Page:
Tip Line: 574-344-5557 | news57@abc57.com

A local preview ahead of Tuesday's VP debate

Do Michiana voters care about Tuesday night’s VP debate? ABC57’s Taylor Popielarz spoke with voters and local political leaders to find out.

Hours before Indiana Governor Mike Pence and Virginia Senator Tim Kaine were set to debate in the race for vice president Tuesday, a handful of Michiana voters weighed in on whether or not they’d be watching.

Of eight people interviewed in downtown South Bend, half said they would watch the debate, while half said they would not.

“I think people in our area are very interested in this debate,” St. Joe County Republicans Chair Lynn Fitzpatrick said.

“The VP debate probably takes a little bit more of a backseat than the presidential debates,” St. Joe County Democrats Chair Jason Critchlow said.

Volunteers were hitting the phones and handing out yard signs at the St. Joe County Democratic and Republican headquarters Tuesday afternoon, but in the streets of downtown South Bend, voters were working to remember who’s even running for the second highest office in the land.

Of the same eight people mentioned above, six could not name both vice presidential candidates, while two could.

Governor Pence is widely known across the Hoosier state as the current governor, but Critchlow said that doesn’t necessarily make him popular.

“I don’t think there is much home field advantage here for Mike Pence in this debate,” Critchlow said. “His approval numbers in the state are still extraordinarily low.”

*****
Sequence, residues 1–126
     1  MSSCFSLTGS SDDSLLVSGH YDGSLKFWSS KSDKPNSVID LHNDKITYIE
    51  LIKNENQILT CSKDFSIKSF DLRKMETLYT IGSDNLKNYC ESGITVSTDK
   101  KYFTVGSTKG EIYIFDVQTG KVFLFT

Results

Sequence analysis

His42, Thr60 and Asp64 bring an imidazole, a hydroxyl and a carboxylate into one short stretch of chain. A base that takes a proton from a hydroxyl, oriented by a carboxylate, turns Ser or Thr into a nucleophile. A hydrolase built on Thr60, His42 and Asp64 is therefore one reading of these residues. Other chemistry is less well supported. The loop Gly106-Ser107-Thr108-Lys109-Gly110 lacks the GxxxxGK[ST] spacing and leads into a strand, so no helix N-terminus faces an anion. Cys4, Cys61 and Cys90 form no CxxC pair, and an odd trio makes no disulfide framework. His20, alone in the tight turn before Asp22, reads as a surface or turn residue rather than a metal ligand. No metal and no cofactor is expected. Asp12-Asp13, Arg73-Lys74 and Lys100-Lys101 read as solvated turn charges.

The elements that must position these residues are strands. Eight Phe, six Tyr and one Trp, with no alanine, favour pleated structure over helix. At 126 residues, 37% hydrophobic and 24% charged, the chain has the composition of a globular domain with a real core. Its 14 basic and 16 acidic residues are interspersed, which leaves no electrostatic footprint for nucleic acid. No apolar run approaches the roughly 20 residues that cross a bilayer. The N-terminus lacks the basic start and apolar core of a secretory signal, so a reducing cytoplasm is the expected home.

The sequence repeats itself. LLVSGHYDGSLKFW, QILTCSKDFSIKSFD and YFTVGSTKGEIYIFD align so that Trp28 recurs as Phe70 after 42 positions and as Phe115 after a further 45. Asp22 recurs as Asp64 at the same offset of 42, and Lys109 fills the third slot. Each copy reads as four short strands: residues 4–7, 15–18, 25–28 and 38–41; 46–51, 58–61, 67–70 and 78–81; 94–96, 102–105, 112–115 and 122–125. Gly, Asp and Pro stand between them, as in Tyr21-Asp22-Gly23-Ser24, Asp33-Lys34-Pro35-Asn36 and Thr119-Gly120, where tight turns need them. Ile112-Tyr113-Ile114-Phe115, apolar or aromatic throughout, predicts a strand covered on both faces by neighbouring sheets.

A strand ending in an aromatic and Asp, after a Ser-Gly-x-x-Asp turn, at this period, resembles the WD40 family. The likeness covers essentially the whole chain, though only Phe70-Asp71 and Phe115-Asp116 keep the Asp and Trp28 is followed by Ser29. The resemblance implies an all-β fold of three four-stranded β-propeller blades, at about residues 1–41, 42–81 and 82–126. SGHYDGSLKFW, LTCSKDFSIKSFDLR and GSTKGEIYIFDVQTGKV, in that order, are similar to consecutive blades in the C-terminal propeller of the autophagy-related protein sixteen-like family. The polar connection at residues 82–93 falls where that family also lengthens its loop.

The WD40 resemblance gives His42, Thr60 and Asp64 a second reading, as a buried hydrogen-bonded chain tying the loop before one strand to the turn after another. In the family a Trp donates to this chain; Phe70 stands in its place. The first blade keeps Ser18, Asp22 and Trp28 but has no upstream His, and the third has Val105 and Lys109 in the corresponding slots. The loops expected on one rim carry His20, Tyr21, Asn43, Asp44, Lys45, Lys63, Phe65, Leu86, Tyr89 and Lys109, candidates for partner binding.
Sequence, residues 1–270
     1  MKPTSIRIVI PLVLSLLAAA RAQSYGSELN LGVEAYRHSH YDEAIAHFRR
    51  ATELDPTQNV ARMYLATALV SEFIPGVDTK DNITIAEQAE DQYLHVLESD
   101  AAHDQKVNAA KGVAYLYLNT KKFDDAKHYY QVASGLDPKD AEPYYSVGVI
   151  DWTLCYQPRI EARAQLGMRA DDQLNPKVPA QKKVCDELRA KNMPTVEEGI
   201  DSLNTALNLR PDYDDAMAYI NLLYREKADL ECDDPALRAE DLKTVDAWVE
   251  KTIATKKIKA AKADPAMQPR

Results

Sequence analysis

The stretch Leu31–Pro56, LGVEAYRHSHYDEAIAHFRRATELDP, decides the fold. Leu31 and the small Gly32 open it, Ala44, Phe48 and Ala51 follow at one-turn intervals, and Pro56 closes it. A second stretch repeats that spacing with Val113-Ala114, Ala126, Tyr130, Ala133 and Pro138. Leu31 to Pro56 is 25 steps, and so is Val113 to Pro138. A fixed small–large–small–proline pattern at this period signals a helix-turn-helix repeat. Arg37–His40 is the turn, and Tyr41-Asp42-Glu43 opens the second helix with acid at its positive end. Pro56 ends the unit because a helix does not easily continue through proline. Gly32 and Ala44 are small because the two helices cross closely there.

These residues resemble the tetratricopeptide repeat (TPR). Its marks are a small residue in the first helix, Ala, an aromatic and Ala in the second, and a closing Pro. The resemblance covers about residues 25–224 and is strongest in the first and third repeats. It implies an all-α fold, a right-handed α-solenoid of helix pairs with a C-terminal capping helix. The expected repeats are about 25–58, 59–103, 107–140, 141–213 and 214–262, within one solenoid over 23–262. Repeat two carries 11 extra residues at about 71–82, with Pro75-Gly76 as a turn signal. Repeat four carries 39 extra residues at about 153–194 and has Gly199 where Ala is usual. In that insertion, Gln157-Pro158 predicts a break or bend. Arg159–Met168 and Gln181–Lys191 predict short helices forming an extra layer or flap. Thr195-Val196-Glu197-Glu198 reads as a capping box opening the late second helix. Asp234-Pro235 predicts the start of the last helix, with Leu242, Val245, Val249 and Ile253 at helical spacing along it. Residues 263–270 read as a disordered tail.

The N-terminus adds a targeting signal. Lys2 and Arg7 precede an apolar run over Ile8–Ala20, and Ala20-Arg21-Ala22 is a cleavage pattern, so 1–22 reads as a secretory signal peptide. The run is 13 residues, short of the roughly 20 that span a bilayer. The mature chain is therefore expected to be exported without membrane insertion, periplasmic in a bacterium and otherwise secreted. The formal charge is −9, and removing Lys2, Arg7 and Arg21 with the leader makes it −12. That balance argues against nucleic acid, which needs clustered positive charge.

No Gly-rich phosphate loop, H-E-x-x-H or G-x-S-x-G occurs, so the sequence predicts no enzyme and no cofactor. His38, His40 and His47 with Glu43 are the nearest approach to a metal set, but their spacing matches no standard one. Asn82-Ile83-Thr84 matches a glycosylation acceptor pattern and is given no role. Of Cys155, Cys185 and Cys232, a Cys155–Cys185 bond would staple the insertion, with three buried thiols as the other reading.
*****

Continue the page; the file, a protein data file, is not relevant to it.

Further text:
But Fitzpatrick disagreed.

“I think that his support from Hoosiers is probably better than you might’ve expected,” Fitzpatrick said, referring to Governor Pence.

A poll conducted in Indianapolis in April 2016 put Governor Pence’s approval rating at 44 percent; before he accepted the job as Donald Trump’s running mate.

Tuesday’s debate could be the most-watched VP debate in history, but Critchlow and Fitzpatrick said it may only change the minds of certain Michiana voters.

“I think leaning Republicans might be watching this debate much more intensely than probably any other demographic,” Critchlow said.

“I don’t think there’s very many undecided Republicans,” Fitzpatrick said. “I think there probably are still some undecided independents.

When asked if Tuesday’s debate would impact, at all, who they would vote for in November, only one of the eight people interviewed in South Bend said the debate might sway them.    

Share this article: